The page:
News of the Weird
by Chuck Shepherd
You Snooze (Even for a Split-Second), You Lose
• In April, a research ship will begin surveying the Atlantic Ocean floor off of Nova Scotia as the first step to building, by 2013, a $300 million private fiber-optic line connecting New York and London financial markets so as to speed up current transmission times—by about five milliseconds. Those five milliseconds, though (according to an April report in Bloomberg Business Week), will enable the small group of firms that are underwriting the project (and who will have exclusive use of it) to earn millions of dollars per transaction by having their trade sales arrive five milliseconds before their competitors’ sales would have arrived.
• Brazil’s Safety Net for the Poor: Dr. Ivo Pitanguy, the most celebrated plastic surgeon in the country, apparently earned enough money from well-off clients that he can now “give back,” by funding and inspiring more than 200 clinics to provide low-income women with enhancement procedures (face lifts, tummy tucks, butt lifts) at a reduced, and sometimes no, charge. A local anthropology professor told ABC News, for a March dispatch, that “[i]n Brazil, plastic surgery is now seen as something of the norm” (or, as the reporter put it, “[B]eauty is [considered] a right, and the poor deserve to be ravishing, too”).
• In a March interview on Bolivian television, Judge Gualberto Cusi, who was recently elected to Bolivia’s Constitutional Tribunal from the indigenous Aymara community, acknowledged that occasionally, when deciding tough cases, he relied on the Aymaran tradition of “reading” coca leaves. “In moments when decisions must be taken, we turn to coca to guide us and show us the way.”
• In February, the Life-End Clinic in the Netherlands announced that six mobile euthanasia teams were placed in service countrywide to make assisted-suicide house calls—provided the client qualified under the nation’s strict laws. (Euthanasia, legal in the Netherlands since 2002, is available to people who suffer “unbearable, interminable” pain and for which at least two doctors certify there is “no cure.” Panels of doctors, lawyers and ethicists rule on the applications.)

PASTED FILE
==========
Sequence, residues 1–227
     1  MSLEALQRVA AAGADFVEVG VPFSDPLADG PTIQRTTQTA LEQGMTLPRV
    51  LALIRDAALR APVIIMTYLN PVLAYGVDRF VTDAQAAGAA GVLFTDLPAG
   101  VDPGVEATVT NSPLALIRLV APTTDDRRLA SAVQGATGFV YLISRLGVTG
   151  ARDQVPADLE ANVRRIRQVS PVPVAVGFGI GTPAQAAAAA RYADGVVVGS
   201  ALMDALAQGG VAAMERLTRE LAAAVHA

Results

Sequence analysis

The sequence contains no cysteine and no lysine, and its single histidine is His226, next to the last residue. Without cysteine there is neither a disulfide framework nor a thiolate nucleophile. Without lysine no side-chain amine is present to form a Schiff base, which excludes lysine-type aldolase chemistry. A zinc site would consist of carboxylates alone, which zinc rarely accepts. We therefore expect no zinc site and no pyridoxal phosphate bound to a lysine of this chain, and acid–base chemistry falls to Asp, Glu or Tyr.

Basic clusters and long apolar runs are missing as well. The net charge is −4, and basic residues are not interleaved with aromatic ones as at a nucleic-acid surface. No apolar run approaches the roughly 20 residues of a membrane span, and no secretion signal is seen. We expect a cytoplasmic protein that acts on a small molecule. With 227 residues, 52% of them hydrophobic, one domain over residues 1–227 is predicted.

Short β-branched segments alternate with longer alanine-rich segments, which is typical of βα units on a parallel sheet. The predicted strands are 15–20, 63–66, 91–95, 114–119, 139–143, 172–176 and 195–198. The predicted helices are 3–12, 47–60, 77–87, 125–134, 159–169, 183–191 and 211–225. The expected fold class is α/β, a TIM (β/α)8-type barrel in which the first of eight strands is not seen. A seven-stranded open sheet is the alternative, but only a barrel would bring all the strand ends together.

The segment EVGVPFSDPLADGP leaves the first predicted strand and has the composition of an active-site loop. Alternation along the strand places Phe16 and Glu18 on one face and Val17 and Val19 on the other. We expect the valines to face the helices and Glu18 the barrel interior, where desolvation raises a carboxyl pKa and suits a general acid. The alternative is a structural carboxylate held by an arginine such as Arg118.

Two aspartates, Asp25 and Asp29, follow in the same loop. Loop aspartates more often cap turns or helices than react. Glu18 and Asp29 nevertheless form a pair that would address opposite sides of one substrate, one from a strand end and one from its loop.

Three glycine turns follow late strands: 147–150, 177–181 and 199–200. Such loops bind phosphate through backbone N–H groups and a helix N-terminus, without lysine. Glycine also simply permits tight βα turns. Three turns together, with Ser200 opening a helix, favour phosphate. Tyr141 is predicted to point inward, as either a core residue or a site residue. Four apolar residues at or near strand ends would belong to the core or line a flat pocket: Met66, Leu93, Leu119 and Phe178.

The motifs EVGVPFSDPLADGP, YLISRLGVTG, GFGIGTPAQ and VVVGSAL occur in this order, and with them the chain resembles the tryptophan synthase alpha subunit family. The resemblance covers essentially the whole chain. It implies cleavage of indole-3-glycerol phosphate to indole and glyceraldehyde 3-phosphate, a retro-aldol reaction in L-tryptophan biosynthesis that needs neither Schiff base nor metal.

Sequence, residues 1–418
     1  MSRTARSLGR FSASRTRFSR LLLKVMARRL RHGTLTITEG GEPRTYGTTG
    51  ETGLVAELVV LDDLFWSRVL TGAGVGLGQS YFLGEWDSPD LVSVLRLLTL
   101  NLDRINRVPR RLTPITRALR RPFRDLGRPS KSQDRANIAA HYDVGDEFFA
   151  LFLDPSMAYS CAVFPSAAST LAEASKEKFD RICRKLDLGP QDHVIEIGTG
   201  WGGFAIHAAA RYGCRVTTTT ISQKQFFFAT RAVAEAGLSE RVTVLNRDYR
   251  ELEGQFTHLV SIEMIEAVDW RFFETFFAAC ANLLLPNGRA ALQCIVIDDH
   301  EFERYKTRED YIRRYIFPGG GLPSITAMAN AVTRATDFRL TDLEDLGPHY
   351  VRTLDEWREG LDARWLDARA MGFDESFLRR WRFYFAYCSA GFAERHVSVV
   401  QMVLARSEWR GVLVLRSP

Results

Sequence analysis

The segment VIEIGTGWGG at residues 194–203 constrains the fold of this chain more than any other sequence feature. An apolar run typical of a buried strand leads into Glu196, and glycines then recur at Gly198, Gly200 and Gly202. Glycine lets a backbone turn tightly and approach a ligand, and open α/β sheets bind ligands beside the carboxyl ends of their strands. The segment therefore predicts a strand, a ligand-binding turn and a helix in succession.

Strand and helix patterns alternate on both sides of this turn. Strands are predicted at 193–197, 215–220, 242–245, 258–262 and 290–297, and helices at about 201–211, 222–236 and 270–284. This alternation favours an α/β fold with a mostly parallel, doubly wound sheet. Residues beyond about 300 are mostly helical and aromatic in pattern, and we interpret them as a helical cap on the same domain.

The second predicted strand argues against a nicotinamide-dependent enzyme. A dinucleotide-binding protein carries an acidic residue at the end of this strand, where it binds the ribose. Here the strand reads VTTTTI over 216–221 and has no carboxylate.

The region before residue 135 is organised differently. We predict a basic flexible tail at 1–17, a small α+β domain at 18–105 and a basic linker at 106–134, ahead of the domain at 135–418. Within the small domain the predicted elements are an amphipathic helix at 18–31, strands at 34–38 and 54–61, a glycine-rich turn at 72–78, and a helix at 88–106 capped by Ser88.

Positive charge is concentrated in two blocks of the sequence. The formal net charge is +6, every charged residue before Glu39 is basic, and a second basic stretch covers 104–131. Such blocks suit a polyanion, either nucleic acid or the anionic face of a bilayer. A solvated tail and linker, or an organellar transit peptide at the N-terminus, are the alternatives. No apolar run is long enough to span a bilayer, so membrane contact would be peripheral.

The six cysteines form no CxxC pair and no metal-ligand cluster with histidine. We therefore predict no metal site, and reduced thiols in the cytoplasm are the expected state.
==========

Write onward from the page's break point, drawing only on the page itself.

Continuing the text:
Latest Religious Messages
• Two lawsuits filed in Los Angeles recently against the founding family of the religious Trinity Broadcasting Network allege that televangelists Paul and Jan Crouch have spent well over $50 million of worshippers’ donations on “personal” expenses, including 13 “mansions,” his-and-hers private jets, and a $100,000 mobile home for Mrs. Crouch’s dogs. The jets are necessary, the Crouches’ lawyer told the Los Angeles Times, because the Crouches receive more death threats than even the president of the United States. Allegedly, the Crouches keep millions of dollars in cash on hand, but according to their lawyer, that is merely out of obedience to the biblical principle of “ow(ing) no man anything.”
• High-ranking Vatican administrator Cardinal Domenico Calcagno, 68, fired back at critics in April after an Italian website reported his extensive collection of guns and love of shooting. He told reporters that he owns only 13 weapons and that, “above all,” he enjoys “repairing” them rather than shooting them (although, he admitted, “I used to go to shooting ranges”).
Fine Points of Florida Law
• (1) In April, the Tampa Police Department issued preliminary security guidelines to control areas around August’s Republican National Convention in the city. Although the Secret Service will control the actual convention arena, Tampa Police are establishing a zone around the arena in which weapons will be confiscated (including sticks, rocks, bottles and slingshots). Police would like to have banned firearms, too, but state law prevents cities from restricting the rights of licensed gun-carriers. (2) South Florida station WPLG-TV reported in March that vendors were openly selling, for about $30, verbatim driver’s license test questions and answers, on the street in front of DMV offices. However, when told about it, a DMV official shrugged, pointing out that test-takers still had to memorize them to pass the closed-book exam.